"The presentational style of some coverage ... has continued to suggest that a real scientific disagreement was present long after a consensus had been reached. Jeremy Vine's introduction to a 2010 Panorama makes the point: "What's up with the weather?": "Does anyone believe the claims anymore? ... A freezing winter and allegations that the scientists have misled us have set the experts at loggerheads". That antagonistic statement is typical of how the agenda on climate change is sometimes set. It suggests that there are two equally valid points of view that must be sorted out - ten years after consensus had been reached that (whatever the cause) climate change is happening."

"As the Content Analysis indicates, there was a (to put it kindly) nuanced News and Current Affairs treatment of the 2010 Muir Russell Report on the University of East Anglia's "Climategate" story. The report's findings were, in order, that the honesty of the scientists involved was not in doubt, that the Intergovernmental Panel on Climate Change's conclusions were not undermined by their work, and that they had been insufficiently open about the presentation of some of their data. The major point was the acceptance of scientific accuracy - but most news reports led on the last, openness, point; and most included a substantial contribution by climate sceptics whose claims had been refuted rather than accepted by the Report itself. Newsnight had a lengthy discussion in which a prominent climate change denier spoke first, last, and for the longest time although the piece was reporting the dismissal rather than the acceptance of his claims."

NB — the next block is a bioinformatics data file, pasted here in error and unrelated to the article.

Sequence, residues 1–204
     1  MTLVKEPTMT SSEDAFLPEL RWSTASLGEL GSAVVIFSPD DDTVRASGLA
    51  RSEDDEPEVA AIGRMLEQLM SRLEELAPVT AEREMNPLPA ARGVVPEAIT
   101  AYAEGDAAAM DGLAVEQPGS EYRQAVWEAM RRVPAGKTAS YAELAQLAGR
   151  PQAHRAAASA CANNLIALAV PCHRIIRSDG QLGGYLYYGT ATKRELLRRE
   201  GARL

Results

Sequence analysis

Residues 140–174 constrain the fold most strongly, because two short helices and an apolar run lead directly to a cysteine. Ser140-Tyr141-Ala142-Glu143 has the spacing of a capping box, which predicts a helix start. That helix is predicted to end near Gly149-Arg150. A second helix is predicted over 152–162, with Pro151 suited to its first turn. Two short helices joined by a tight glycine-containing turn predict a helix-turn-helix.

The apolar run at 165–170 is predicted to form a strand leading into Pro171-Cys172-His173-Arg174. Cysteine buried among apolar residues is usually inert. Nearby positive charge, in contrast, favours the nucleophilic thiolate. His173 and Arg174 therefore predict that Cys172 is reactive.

(The commentator referred to is Lord Lawson - the GWPF described the programme as a ' Welcome sea change' in the corporation's coverage).